The Relaxation Revolution

Can a human alter their health through relaxation techniques? Yes.

Benson’s studies began by employing experts in meditation and eastern practice to see if 1) their emotional states differed from the norm and if 2) they could actively change their states as measured by biological markers upon request.  Yes: experienced meditators had healthier states and could alter biological markers such as mental states, breathing, sweat, and hear rate.

Can novice practitioners improve their health by doing the tai chi form? Yes.

After proving that biological markers could be moved, he created experiments to test un-experienced people. In these studies they used progressive relaxation techniques where a recording (the Olivia Recordings) led a person to concentrate on successive body parts. The goal was to arrive at a state which mirrors the relaxed state that we experience upon waking or is actively obtained by accomplished meditators.  Novice practitioners achieved this state in 12-15 minutes and then were free to concentrate on whichever aspect of health they wanted to improve.

How does Benson suggest that we replicate the results?

In Benson’s book he goes on to say that you do not need to use the Olivia recording but recommends it if you don’t have another practice.  Practitioners of yoga, eastern practices, and meditation all equally acquire this state.  What was the constant in each set of studies was the time:  12-15 minutes were needed to achieve the healing state.

So how long does it take to complete the tai chi long form?

You guessed it: 12-18 minutes.  Just enough time to incite the relaxation response.  Secondly, styles like Chen Tai Chi routinely do the form two times back-to-back.  Yep, about the same amount of time that Benson found was necessary to fully engage the relaxation response and then promote creativity or healing.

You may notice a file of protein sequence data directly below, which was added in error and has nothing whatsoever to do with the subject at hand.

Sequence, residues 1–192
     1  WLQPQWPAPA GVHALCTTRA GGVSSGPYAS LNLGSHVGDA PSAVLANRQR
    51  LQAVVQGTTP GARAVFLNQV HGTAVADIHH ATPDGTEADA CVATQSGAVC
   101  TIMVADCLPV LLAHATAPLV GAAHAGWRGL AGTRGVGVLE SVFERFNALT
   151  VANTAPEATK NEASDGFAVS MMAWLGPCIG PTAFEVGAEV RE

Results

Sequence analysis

One reason that I love tai chi and the eastern arts is that I will undertake an activity because “I am told to” or “because that is the way it has been done for X-hundred of years.”  So often these assertions are millenia ahead of the science that prove it beneficial.

Can I just do the tai chi short form twice and get to 12-15 minutes?

Definitely.  You have put a lot of time into learning a tai chi form and can immediately benefit from Benson’s research by pushing yourself into the 12 -15 minute window.  And of course, if you meditate or do yoga, apply this to your practice.  It is the window of time that is important.

Why would I learn the tai chi long form then?

I don’t want this article to be misinterpreted as permission to do away with the long form. The long form takes physical and mental dexterity to learn and practice. There is a higher education embedded in the longer sequence that we are only on the cusp of understanding. Movements are repeated but sequences vary in a specific way. Finishing the long form feels like having received a gently but intelligent massage of the entire body. Additionally, if you suffer from a racing mind or difficulty concentrating then the long form is for you. Giving something physical your full attention for 15 minutes enables one to focus throughout the day more easily.

What Style of Tai Chi Short Form Should I Learn?